Marijuana Arrests Decline 40 Percent in The Big AppleTuesday, 24 November 2015
According to a new report, those smoking weed in NYC can breathe a little easier knowing the likelihood of their getting arrested for lighting up in certain areas of New York City has been significantly reduced.
Thanks to Mayor Bill de Blasio, marijuana arrests in the Big Apple have declined dramatically on a year-over-year basis. Dropping nearly 40 percent from 2014’s reported incarceration numbers.
Per the New York Post, as of October 20, 2015, a reported 18,000 + pot smokers in NYC had been incarcerated over the peaceful plant; while still a big number, that figure represents a steep decline from 2014’s 29,000 + marijuana related arrests.
Unfortunately, while incarceration has declined dramatically in some areas of the city, there seems to be a lack of equity in de Blasio’s enforcement plan – seemingly based on an individual’s race, class and geographical location.
During 2014 de Blasio informed the NYC police force they were to only issue tickets to those individuals busted with less than 25 grams of pot, rather than incarcerating them. This long-overdue modification was the end result of public pressure being applied to New York’s many district attorneys. After that historic switch, the issuance of tickets for weed became the new norm for some of New York’s finest. Leading to both a dramatic drop and disparity in cannabis-related incarcerations.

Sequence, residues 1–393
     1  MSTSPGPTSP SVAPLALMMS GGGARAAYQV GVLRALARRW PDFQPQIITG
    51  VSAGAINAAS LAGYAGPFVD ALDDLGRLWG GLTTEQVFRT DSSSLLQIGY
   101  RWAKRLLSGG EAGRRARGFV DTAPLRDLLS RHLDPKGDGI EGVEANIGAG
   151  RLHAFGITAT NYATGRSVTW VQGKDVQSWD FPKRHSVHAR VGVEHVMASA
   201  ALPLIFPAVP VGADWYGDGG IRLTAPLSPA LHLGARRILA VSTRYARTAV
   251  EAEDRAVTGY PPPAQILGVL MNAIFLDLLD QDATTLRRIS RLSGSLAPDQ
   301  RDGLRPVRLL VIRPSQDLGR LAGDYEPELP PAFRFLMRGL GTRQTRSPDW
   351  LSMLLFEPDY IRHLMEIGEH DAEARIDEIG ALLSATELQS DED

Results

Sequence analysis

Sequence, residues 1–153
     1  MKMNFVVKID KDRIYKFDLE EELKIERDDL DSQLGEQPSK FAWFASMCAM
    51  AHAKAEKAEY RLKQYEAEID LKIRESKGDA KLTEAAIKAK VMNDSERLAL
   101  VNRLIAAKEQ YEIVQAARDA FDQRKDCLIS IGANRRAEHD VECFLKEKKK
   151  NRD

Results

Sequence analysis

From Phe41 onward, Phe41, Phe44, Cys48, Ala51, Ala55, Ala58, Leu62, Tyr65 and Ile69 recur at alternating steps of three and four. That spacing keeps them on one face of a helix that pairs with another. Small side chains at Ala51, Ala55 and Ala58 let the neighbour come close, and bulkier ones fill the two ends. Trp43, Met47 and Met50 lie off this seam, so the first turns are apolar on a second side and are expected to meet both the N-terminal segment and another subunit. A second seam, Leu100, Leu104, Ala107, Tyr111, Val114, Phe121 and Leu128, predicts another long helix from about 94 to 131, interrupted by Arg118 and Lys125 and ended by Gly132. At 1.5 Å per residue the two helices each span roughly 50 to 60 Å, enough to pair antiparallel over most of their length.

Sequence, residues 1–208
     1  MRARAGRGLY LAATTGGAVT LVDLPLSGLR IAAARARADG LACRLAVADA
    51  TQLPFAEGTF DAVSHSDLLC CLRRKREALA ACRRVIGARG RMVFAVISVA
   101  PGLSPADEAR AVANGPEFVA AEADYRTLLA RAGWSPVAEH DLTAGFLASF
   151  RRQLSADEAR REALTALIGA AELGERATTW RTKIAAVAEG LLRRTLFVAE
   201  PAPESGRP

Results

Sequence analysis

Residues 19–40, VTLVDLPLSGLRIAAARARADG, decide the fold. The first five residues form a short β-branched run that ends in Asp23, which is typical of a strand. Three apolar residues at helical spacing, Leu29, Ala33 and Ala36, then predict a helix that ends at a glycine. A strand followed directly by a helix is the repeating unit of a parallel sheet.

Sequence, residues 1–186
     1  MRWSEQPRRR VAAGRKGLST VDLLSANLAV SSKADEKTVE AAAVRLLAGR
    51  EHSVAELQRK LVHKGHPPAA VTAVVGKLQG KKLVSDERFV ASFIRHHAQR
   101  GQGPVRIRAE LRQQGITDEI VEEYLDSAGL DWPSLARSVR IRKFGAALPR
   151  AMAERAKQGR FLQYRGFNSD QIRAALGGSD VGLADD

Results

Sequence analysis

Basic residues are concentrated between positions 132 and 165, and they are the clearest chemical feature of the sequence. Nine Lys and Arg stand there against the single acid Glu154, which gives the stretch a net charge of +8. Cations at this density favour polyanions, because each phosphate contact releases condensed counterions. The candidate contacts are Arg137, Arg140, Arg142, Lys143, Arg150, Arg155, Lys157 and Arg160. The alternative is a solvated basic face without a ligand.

One notable example of this discrepancy makes the problem painfully clear.
When compared to the predominately white section of the Bronx known as Throggs Neck (located in the 45th Precinct), Kingsbridge (located in the 52nd Precinct), and mostly Dominican, police in the 45th handed out 415 tickets for the minor possession of marijuana during the first nine months of 2015 — making just 48 arrests. Conversely, cops in the 52nd Precinct of Kingsbridge (also in the Bronx) made 720 arrests and issued 168 tickets.
No doubt, the Big Apple still has a bumpy road to hoe regarding police brutality, race relations and class warfare… but 11,000 fewer lives ruined is definitely a great place to start.